As a reference, the colored bar above the curve shows the frequency range of the fretted notes on a two-octave fingerboard. Frequencies to the right of the bar are thus only available as harmonics, or if the instrument is played with a slide. Guitar strings cannot support subharmonics, so sustained frequencies to the left of the bar would only be audible if the neck length were extended.
This comb filter effect means that the notches will be cramped together at the high end of the log frequency plot. The chaotic nature of the response plot at the high end is due to drawing limitations; I’ve plotted the curve at each horizontal pixel and at the far right each pixel covers a number of comb filter cycles. Note that most pickups cut off frequencies above 8 kHz or so depending on the inductance and capacitance of the pickup.
Figure 6 shows how the response curve shifts for the neck, middle, and bridge pickup positions.
Figure 6. Response curves for point pickups, low E string, 82 Hz, on the example Stratocaster, 25.5 inch scale.
Note that the low end of the response drops off as the pickup moves toward the brige. The output of the open string is roughly 10dB lower on the brige pickup compared to the neck pickup. And note how the frequencies of the first peak rise as the pickup moves toward the bridge.
On an electric instrument these comb filter curves provide an effect functionally similiar to the body resonances of an acoustic guitar, providing an interesting character to the sound. (The actual body resonances of an electric instrument are certainly significant to electric sound, but not in the same way as the acoustic effect).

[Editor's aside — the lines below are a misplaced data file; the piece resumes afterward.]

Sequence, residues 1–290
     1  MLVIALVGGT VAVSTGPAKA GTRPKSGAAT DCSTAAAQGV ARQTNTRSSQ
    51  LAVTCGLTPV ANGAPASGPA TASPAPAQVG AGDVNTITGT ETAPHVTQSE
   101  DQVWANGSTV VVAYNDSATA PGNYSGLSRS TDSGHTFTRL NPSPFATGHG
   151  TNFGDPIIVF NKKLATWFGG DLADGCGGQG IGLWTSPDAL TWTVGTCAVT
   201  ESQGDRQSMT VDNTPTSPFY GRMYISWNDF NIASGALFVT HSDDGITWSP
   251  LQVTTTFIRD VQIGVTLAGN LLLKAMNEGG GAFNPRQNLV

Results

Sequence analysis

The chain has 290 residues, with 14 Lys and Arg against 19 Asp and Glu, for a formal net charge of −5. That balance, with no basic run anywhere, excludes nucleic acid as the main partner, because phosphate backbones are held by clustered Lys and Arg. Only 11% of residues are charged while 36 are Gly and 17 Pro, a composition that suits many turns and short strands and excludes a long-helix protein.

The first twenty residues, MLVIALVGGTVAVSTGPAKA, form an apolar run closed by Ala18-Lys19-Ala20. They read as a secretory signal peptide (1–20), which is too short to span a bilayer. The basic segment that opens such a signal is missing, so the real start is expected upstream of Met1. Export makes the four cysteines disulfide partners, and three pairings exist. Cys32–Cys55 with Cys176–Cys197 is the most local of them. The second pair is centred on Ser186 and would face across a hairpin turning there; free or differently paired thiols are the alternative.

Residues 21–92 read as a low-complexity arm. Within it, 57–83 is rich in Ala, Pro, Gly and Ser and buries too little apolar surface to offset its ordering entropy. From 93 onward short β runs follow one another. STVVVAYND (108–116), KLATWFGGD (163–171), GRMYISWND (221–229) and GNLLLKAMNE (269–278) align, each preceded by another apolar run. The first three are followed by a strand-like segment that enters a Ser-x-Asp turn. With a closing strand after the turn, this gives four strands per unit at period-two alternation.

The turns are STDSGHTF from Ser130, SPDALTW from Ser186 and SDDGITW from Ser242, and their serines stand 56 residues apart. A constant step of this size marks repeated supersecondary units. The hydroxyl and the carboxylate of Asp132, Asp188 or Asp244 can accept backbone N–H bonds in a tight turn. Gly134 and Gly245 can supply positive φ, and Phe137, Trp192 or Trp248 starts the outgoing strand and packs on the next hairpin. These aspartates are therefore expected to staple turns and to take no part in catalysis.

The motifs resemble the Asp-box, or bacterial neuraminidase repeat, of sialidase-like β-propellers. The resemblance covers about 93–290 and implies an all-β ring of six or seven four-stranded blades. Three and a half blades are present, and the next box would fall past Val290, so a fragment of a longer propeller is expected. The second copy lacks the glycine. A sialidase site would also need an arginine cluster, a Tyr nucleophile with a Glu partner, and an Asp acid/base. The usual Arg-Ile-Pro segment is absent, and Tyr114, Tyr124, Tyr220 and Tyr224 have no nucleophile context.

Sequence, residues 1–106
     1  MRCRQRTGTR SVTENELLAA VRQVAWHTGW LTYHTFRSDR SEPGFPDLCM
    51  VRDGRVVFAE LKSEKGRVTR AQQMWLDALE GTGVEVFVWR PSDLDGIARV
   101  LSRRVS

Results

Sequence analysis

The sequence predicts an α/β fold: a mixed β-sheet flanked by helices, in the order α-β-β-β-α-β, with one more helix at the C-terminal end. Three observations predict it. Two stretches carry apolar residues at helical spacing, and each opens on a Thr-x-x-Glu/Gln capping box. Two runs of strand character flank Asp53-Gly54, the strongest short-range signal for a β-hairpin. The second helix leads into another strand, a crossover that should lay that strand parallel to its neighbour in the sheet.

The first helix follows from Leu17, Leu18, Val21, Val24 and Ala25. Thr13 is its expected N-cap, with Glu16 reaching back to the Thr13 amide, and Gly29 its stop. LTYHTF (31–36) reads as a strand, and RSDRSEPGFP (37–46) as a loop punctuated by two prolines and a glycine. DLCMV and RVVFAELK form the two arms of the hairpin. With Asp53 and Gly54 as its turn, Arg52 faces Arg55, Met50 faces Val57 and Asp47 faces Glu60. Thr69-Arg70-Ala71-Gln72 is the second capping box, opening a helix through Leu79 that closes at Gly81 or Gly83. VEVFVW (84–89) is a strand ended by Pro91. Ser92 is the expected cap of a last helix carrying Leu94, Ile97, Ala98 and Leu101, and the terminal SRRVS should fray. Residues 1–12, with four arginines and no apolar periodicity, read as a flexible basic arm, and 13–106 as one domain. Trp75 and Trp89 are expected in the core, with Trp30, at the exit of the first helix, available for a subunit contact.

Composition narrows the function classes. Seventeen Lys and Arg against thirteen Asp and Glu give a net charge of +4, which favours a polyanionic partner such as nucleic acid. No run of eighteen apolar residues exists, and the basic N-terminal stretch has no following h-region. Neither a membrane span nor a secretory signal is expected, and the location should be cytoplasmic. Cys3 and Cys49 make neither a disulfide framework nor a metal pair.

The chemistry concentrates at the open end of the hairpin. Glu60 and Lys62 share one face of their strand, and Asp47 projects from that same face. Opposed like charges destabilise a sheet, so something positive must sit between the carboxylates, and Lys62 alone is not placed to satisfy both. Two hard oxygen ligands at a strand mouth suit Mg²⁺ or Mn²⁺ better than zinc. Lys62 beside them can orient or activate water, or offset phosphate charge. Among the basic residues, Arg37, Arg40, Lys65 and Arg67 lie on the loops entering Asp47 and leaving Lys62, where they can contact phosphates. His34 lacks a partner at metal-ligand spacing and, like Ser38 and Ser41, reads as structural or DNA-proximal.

One aspect about these curves that is very different from the body resonances of acoustic instruments is that the curve is with respect to the string tuning, and the curve will scale up and down with the pitch of the open (non fretted) string. Figure 7 shows a set of plots similiar to Figure 6, but for the high E string tuned to 328 Hz.
Figure 7. Response curves for point pickups, high E string 328 Hz, on the example Stratocaster, 25.5 inch scale.
Notice how these “resonances” will scale with the tuned pitch of the open string, as if it were an acoustic instrument with a separately tuned sound chamber for each string.
Also for electric bass players, here are the equivalent curves for the two pickups on a Fender Jazz Bass. Figure 8 shows the bass E string and Figure 9 shows the G string.
Figure 8. Response curve for point pickups, Fender Jazz Bass, low E string 41.2 Hz, 34 inch scale.
Figure 9. Response curve for point pickups on a Fender Jazz Bass, G string, 98 Hz, 34 inch scale.
And since we’re talking about moving pickups around, this would be a good time to point out that there have been at least two instruments in production with sliding pickups; the Gibson “Grabber” bass and a Dan Armstrong model.
Here is a drawing from Stanley Rendell’s Gibson patent US 3,911,777: Electric guitar with slidable pickup beneath strings. You can check out the patent below.
Effects of pickup width
Pickups do not sense the string at a single point source, but rather over an area due to the width of the magnetic field. This sensing area is called the “aperture” of the pickup and is about an inch wide on a thin single coil pickup and about 2.5 inches wide on a wider pickup such as the Gibson humbucker.
The effect of the pickup aperture on the response can be calculated by averaging the point response over the aperture length. This isn’t completely accurate, the pickup sensitivity will be greater in the middle than at the ends, but this makes a fine first approximation.
Wwidepickup is the width of the wide pickup in inches.